And on The Invention of Wings:
“Based on the life of abolitionist Sarah Grimke and a fictional slave girl, Handful, the novel skillfully joins fiction and history, African American resilience and Southern white hypocrisy, Charlestonian exuberance and Quaker idealism. Kidd reminds us that the foundation of social injustice is ordinary human selfishness.” —Betty Smartt Carter, author of Home Is Always the Place You Just Left
"What relevance does Christianity have in our societal system? What place does the church have in a system that so often seems to be ordered only by the ultra-complex machinery of state power and corporate strategy?"
Hunter Baker answers these questions and more in his collection of essays, The System Has a Soul: Essays on Christianity, Liberty, and Political Life. Get it today for almost half-price.
Author Ursula Le Guin received the Medal for Distinguished Contribution to American Letters at this week's National Book Awards and inspired the crowd by holding up freedom as an author's best prize. "We will need writers who can remember freedom. Poets, visionaries—the realists of a larger reality."
She said many things needed to change, and that change often begins in art, specifically the art of words. Writing books according to marketing formulas for corporate profit is a rotten idea, she said. We need artists.
Her speech was short, so you can easily watch the whole thing here.
In an interview, Le Guin said, “If you’re going to create a world out of whole cloth, that is to say, out of words, then you better get the words right.” You can read about her and her many books in The Guardian.
The new George W. Hunt Prize, sponsored by America magazine and Yale University's Saint Thomas More Chapel, will recognize a variety of accomplished literature from Roman Catholics. The judges appear to be looking for good, expressly Catholic works by authors who lead moral lives.
“We’re trying to promote new creative thinking,” Beloin told The Washington Post's Ron Charles. “Catholic theology is a very wide umbrella — or at least it’s supposed to be.” The Hunt Prize will be awarded to an author who is “trying to write things that are true — to bring a fresh language to theology, to bring real creativity to intellectual life and Catholic imagination.” (via Literary Saloon)
The Authors Guild met with the Justice Department in August to request a federal investigation into Amazon.com's actions against Hachette Book Group in their ongoing dispute over ebook prices and service fees. They say the earth's largest bookdealer is using anti-trust tactics against publishers like Hachette. Authors United is also preparing to ask the DOJ to get involved. Does this make you want to find other bookseller options, or is this all so inside baseball you don't care?
Ron Charles, editor of The Washington Post's Book World, asked Roger Sutton, editor in chief of Horn Book magazine, about reviewing self-published books.
Charles asked, “What do you say to the indie writer who reminds you that Walt Whitman was self-published?”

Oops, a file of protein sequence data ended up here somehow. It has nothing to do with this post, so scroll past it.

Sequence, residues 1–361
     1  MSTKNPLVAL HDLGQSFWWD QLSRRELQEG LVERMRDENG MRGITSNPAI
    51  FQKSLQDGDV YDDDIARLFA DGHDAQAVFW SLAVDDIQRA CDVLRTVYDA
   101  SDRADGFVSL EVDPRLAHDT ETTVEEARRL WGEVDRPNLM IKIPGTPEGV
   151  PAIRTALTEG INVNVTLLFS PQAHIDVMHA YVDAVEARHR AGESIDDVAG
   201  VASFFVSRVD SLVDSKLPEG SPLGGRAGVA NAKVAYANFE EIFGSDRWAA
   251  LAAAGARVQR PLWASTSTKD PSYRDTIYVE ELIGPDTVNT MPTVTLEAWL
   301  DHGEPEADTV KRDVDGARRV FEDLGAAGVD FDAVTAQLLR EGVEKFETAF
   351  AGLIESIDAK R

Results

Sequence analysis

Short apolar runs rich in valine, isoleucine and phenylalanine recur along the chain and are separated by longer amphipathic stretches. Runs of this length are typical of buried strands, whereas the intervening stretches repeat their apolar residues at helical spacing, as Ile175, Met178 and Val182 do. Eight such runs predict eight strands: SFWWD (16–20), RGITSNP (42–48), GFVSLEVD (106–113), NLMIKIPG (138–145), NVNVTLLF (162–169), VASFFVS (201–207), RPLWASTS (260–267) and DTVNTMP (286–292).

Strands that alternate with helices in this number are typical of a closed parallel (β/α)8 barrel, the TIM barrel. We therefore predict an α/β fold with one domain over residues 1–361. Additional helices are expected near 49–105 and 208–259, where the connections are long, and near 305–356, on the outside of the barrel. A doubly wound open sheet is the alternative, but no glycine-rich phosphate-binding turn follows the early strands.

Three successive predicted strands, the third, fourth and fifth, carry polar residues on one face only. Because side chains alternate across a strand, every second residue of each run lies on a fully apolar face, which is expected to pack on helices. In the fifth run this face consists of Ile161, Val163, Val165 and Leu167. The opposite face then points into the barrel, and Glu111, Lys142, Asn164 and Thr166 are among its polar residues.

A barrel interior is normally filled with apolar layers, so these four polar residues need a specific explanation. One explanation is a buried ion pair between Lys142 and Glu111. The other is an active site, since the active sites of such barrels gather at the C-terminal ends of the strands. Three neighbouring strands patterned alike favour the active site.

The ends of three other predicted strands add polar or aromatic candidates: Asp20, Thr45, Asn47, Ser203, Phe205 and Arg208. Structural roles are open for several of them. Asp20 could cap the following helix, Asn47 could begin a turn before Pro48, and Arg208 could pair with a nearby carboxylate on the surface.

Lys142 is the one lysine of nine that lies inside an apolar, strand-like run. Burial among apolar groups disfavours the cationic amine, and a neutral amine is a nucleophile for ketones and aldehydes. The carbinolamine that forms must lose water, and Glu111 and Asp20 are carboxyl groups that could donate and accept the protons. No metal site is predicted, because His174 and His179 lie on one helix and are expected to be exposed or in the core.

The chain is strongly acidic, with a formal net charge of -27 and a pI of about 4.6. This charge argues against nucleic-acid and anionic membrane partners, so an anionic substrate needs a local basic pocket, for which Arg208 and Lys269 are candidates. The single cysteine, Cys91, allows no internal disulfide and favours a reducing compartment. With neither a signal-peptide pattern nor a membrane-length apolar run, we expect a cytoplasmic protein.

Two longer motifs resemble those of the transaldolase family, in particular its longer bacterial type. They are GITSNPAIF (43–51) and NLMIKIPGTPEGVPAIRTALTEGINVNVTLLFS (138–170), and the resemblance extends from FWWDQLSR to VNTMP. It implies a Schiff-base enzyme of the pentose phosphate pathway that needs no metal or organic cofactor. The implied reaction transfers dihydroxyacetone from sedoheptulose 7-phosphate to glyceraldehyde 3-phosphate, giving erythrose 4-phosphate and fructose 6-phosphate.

“You are not Walt Whitman,” Sutton said. “The 21st century is different in so many ways from the 19th that the comparison is meaningless. No one is forbidding you from self-publishing, but neither is anyone required to pay attention.”
Charles reviewed Sutton's recently expressed concerns over the glut of self-published books vying for place in our hands. Are there bound to be some great books out there? Yes, but there are too many bad one that look like it from a professional reviewer's outpost. The school of the self-published will only grow, and perhaps a new system of reviewing and judging will be organized to help readers find good books. Sutton isn't convinced it will matter. "People are more interested in writing self-published books than in reading them."
I've heard people use the term "price point," and I'm pretty sure they only meant "price," but thought "price point" sounded professional or something.
I'm sure there's a proper way to use "price point," but I'm not sure what it is.
In any case, the price point for my self-published novels has been adjusted to $2.99. This does not affect the price points for my Baen or Nordskog novels.
Try Death's Doors, here.
For years, the New York Times has curated the most coveted bestseller lists of our day. Now they are building on that strength by adding such topics as Travel, Humor, Family, Relationships, Animals, Politics, Manga, and many more, each list bound to occupy literary banterers and book ballyhoo-ers for an hour or so. These won't be published every week. Some will rotate through the month.
Melville House has dug up even more lists to be introduced by everyone's friends at the New York Times Book Review. Here are some of the lists you will want to keep on eye on.
Most Fully Realized: Every week, The New York Times Book Review describes dozens of books as being “fully realized.” This lists ranks the top ten fully realized books from “Most Fully Realized” to “Least Most Fully Realized.”
Bestselling Young Adult (Cancer): The most successful books for teenagers that include cancer as a major or minor subplot.
James Patterson: The 10 bestselling James Patterson books released this month. (BTW, Patterson has outsold every other living author and holds a Guinness record for most books on the NY Times Bestseller List.)